Feeling Sorry for Celia
Jaclyn Moriarty
Great book of the “letters back and forth genre.” I especially like the “disparaging voices of the conscious” represented as letters from various societies and association, such as the “Cold Hard Truth Association” and the “Association of Teenagers.” While I think it is rare for teenagers to write actual letters today, making this a bit unbelievable, the plot device introduced to get the main characters started on their letters and friendship was quite believable. I especially enjoyed Elizabeth’s mother’s notes to her daughter which managed to combine commentary about life, work, instructions for dinner, concern and humor all in short paragraphs.

The Lost Art of Real Cooking
Ken Albala & Rosanna Nafziger
Aside from having hard-to-spell last name, Ken and Rosanna have in common their interest in food. Food created by hand without a lot of fuss (or with some fuss) that tastes good. The recipes, written in paragraph style, look very delicious, and the writing is sparkling. Take this paragraph:

Turks invade Hungary, and the stage is violently set for the remarkable collision of flaky layered pastry (nee phyllo) and apples. Five hundred years later, Julie Andrews is singing about brown paper packages and warm apple strudel, under threat of yet another invasion–the Germans. Such a violent past for something so delightful.

This book is currently very popular at the library and thus I won’t get to spend as much time with it as I would like. I think I will concentrate on their sourdough bread section, return the book, request it again and when it arrives, incorporate something else.

Nothing
Janne Teller
Read this for the 2010 Mock Printz, spoilers are included.

Hated this book. HATED IT! I think this might mean to be a fable or allegory or something like that, but I found it very unlikable. First off, a seventh grader climbs into a tree because he decides nothing has meaning. He throws plums at his classmates and shouts his new-found beliefs. I can see this happening for an hour or two, or even a day, but that kid stays up there yelling for months. Does he climb down at night? Where does he go to the bathroom?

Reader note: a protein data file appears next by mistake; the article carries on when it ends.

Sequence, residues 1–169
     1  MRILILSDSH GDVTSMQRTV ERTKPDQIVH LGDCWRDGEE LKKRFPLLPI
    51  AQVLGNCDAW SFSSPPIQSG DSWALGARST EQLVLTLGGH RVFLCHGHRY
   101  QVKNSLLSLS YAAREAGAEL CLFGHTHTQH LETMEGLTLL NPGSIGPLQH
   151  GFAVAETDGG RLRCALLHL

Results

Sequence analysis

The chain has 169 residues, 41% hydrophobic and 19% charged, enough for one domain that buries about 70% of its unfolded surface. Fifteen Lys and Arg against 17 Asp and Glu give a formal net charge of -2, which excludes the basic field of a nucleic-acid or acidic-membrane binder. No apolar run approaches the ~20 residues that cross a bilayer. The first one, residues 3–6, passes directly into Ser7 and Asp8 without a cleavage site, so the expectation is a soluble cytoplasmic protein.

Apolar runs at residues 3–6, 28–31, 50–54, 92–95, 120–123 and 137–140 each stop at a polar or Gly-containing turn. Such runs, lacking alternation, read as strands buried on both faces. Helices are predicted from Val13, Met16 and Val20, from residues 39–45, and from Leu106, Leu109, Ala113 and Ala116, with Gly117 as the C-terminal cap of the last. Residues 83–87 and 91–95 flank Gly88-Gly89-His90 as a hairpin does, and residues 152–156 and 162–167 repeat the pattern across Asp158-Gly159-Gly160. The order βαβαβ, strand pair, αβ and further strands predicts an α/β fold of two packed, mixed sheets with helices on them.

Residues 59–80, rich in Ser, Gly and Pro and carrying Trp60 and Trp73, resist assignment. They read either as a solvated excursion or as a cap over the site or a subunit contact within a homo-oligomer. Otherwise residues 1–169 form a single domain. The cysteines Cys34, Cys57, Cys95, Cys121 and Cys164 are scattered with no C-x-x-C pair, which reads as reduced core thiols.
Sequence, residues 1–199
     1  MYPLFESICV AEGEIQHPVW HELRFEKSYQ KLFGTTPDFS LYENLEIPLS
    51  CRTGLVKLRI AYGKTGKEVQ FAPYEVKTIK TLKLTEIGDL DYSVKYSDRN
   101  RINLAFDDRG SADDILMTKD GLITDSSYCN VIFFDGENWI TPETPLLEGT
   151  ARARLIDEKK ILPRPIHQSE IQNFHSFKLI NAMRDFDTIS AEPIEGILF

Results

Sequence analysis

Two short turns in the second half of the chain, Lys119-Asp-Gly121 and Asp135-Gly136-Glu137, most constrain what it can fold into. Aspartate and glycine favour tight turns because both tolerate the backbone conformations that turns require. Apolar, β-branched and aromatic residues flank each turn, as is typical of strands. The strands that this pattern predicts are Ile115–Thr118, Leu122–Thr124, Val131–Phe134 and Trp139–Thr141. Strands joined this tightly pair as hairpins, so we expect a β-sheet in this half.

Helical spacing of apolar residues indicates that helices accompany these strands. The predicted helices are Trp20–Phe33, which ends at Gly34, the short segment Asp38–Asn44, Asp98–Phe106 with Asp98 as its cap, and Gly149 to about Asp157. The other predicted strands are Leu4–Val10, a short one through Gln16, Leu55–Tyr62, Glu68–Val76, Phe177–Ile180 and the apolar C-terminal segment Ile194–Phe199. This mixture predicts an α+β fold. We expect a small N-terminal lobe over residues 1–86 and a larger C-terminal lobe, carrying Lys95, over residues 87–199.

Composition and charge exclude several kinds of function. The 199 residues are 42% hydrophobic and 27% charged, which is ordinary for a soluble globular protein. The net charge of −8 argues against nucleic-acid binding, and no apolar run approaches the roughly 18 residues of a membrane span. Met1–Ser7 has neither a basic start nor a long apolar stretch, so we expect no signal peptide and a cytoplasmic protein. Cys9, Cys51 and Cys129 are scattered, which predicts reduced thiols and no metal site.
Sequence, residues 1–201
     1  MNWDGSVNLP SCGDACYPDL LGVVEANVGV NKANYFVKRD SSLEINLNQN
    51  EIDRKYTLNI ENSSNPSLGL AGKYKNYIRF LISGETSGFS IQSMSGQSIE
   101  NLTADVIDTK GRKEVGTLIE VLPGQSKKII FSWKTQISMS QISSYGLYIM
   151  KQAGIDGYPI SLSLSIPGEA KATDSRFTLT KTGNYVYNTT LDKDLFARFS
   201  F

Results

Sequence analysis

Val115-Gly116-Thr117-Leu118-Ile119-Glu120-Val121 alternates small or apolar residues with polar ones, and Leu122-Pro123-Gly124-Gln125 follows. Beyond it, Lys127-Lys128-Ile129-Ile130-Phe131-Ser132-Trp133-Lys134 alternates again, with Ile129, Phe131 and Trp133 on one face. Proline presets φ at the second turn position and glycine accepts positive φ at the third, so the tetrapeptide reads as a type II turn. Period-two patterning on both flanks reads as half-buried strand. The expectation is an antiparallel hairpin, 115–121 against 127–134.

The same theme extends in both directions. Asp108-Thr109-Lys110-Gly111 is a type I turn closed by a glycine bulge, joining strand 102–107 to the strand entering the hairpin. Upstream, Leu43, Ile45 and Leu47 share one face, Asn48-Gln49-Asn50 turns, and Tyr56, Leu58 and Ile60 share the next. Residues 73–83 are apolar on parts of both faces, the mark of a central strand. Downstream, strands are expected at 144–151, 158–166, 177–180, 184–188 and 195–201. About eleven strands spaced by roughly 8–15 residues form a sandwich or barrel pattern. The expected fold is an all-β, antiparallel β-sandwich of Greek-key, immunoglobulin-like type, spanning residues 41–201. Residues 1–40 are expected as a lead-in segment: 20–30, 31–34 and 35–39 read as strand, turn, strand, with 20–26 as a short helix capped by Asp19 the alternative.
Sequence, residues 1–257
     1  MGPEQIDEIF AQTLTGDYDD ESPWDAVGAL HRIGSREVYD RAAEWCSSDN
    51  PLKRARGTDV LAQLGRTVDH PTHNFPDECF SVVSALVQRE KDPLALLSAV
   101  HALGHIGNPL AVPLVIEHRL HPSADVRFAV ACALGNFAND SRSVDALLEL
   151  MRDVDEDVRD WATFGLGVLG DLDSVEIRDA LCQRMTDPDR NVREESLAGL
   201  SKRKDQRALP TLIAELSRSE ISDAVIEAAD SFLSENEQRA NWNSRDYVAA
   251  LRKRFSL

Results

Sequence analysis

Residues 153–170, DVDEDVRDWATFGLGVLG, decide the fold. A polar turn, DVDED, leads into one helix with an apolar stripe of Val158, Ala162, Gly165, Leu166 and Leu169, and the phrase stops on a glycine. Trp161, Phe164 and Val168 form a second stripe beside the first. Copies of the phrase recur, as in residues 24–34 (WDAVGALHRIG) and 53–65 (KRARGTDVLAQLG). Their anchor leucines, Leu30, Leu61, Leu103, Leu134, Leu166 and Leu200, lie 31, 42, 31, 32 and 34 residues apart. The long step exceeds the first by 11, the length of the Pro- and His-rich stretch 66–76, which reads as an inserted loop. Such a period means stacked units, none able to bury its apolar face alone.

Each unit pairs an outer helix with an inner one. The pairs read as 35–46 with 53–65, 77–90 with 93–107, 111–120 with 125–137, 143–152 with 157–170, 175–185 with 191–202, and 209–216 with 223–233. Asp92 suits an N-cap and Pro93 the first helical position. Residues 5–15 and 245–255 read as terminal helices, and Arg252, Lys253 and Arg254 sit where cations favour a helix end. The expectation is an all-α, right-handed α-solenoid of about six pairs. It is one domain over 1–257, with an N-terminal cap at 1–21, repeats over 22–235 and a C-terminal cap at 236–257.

His classmates, instead of ignoring him, decide to prove him wrong. So they start collecting things with meaning. First they ask the townspeople to give up something meaningful and collect quite a pile. Then they begin to give up their own meaningful things in turn. What starts out as sacrificing really cute sandals grows by degree until the Muslim child gives up his prayer mat and is severely beaten by his parents, a pious child steals a large statue of Jesus from the church, a girl gives up her virginity, the children dig up a dead baby brother from a church yard and, just when you think it can’t get any worse, they kill a dog. At that point, I had to skip ahead five pages so I could bypass the dog killing.

Their pile of meaning is found out, pronounced art, bought by the MoMa for 3.5 million dollars, the children turn on each other, end up beating the plum-throwing, life-has-no-meaning child to death and burning down the sawmill that houses the pile of meaning. The whole thing is a nihilistic mess and I can only be glad that it was a short book and I have now finished reading it.